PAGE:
Prices between the two major oil benchmarks – Brent and WTI – have narrowed to their lowest level in four and a half months. WTI closed at $102.42 on February 26 and Brent at $108.81.
Historically, the two benchmarks had moved together, indicating a single global price for crude oil. But a gulf between the two opened up in early 2011 as the U.S. shale revolution kicked into high gear. The upswing in oil production was such that there wasn’t enough infrastructure to move all that oil around, and the WTI price began to trade at a discount. Around the same time, geopolitical events around the world – the Arab Spring, the Libyan revolution – knocked some oil offline and put a higher risk premium on Brent prices. The two benchmarks diverged.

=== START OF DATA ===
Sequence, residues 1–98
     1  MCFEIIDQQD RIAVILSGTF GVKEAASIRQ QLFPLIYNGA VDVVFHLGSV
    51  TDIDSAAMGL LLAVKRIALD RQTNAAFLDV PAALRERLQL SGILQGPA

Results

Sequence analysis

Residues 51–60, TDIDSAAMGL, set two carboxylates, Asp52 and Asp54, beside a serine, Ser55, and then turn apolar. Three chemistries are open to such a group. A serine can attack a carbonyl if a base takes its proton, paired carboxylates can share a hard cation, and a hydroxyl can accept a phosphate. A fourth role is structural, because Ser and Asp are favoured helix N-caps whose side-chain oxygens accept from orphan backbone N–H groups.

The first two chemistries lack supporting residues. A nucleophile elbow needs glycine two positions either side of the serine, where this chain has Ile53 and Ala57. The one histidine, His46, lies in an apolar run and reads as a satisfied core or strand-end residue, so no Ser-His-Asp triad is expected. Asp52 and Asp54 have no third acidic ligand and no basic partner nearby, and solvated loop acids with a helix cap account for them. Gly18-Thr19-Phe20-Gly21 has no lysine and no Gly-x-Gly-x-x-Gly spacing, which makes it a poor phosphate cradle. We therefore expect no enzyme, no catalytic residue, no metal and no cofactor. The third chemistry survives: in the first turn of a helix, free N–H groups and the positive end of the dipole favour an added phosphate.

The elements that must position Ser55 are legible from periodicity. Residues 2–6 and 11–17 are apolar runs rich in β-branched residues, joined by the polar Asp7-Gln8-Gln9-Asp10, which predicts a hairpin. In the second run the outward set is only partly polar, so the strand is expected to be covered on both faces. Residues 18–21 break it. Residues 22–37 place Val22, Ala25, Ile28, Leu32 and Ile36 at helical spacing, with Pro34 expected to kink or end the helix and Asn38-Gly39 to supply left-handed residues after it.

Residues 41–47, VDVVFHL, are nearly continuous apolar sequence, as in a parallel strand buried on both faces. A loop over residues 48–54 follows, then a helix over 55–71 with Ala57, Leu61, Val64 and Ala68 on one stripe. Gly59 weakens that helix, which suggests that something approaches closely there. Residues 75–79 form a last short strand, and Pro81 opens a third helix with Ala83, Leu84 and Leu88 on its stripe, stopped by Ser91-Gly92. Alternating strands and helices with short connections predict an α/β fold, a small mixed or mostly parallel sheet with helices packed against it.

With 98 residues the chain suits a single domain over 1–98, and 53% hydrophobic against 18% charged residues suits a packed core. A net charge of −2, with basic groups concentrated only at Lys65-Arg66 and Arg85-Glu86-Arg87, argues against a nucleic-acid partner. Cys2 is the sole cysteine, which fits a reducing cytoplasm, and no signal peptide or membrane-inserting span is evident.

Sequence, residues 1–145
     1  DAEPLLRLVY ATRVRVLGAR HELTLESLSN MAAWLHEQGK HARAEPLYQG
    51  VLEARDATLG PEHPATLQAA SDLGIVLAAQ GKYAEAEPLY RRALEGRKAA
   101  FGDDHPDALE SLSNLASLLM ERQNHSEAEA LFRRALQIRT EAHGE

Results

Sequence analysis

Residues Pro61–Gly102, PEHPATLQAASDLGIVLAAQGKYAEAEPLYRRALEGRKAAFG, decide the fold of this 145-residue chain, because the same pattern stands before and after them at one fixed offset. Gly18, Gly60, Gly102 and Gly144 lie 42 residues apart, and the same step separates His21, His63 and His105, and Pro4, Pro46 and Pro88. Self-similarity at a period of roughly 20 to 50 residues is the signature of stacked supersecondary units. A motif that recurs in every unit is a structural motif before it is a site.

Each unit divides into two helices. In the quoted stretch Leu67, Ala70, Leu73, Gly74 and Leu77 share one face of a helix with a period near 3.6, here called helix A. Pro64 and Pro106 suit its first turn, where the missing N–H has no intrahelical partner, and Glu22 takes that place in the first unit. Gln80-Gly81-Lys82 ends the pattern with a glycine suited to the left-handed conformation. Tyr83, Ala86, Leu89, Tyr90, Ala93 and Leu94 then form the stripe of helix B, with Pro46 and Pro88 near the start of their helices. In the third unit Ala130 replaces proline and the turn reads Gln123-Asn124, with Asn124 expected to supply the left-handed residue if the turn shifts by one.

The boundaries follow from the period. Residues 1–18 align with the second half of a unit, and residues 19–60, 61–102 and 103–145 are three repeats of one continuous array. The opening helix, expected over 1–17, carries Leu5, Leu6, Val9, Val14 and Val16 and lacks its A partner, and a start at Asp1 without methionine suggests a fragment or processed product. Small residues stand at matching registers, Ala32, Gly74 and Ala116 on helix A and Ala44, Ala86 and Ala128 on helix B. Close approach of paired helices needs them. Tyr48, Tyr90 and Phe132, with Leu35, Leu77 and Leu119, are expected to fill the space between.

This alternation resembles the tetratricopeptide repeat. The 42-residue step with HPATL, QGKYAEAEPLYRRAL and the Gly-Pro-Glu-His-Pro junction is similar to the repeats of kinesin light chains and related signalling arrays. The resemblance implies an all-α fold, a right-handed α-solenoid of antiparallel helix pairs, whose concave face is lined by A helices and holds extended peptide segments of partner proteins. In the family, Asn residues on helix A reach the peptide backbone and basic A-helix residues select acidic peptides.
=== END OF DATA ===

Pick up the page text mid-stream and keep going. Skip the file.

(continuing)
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The latest narrowing of the two prices resulted from fresh worries about the Chinese economy, a main driver of oil growth, which is showing some strains. Speculation that China may tighten lending policy could put a damper on economic growth in that country, which in turn would slow demand for oil. Another concern is emerging market currencies, which have taken a beating in 2014. Ukraine is the most obvious, with its currency, the hryvnia dropping 7.7% on February 26. Turkey’s lira also dropped another 0.5%. Bloomberg reports that a group of 20 developing-country currencies declined 0.2% as well. Taken together, these broad economic concerns are bringing down Brent crude.
At the same time, the Energy Information Administration released weekly data that showed that inventories of oil at Cushing, Oklahoma fell by 1.08 million barrels to 34.8 million – their lowest level in four months. Lower inventories in the U.S. from a big drawdown during the cold weather are supporting higher WTI prices, which have increased over the past few months.
By James Burgess of Oilprice.com
James Burgess studied Business Management at the University of Nottingham. He has worked in property development, chartered surveying, marketing, law, and accounts. He has also…